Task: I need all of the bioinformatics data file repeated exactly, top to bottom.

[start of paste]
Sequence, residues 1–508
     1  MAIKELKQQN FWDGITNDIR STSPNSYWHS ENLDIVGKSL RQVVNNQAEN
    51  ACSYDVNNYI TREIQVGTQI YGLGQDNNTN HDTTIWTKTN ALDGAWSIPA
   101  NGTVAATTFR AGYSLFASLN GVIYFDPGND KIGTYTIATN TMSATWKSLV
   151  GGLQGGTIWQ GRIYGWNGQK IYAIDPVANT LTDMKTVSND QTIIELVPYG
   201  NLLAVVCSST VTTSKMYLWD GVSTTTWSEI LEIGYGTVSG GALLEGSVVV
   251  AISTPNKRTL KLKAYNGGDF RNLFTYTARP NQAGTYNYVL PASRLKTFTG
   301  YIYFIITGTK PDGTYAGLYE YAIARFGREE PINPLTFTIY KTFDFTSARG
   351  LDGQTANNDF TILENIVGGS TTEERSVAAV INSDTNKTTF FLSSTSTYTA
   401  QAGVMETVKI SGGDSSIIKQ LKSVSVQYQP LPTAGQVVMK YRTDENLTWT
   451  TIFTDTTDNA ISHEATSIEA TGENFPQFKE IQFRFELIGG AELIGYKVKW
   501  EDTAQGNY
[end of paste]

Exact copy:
Sequence, residues 1–508
     1  MAIKELKQQN FWDGITNDIR STSPNSYWHS ENLDIVGKSL RQVVNNQAEN
    51  ACSYDVNNYI TREIQVGTQI YGLGQDNNTN HDTTIWTKTN ALDGAWSIPA
   101  NGTVAATTFR AGYSLFASLN GVIYFDPGND KIGTYTIATN TMSATWKSLV
   151  GGLQGGTIWQ GRIYGWNGQK IYAIDPVANT LTDMKTVSND QTIIELVPYG
   201  NLLAVVCSST VTTSKMYLWD GVSTTTWSEI LEIGYGTVSG GALLEGSVVV
   251  AISTPNKRTL KLKAYNGGDF RNLFTYTARP NQAGTYNYVL PASRLKTFTG
   301  YIYFIITGTK PDGTYAGLYE YAIARFGREE PINPLTFTIY KTFDFTSARG
   351  LDGQTANNDF TILENIVGGS TTEERSVAAV INSDTNKTTF FLSSTSTYTA
   401  QAGVMETVKI SGGDSSIIKQ LKSVSVQYQP LPTAGQVVMK YRTDENLTWT
   451  TIFTDTTDNA ISHEATSIEA TGENFPQFKE IQFRFELIGG AELIGYKVKW
   501  EDTAQGNY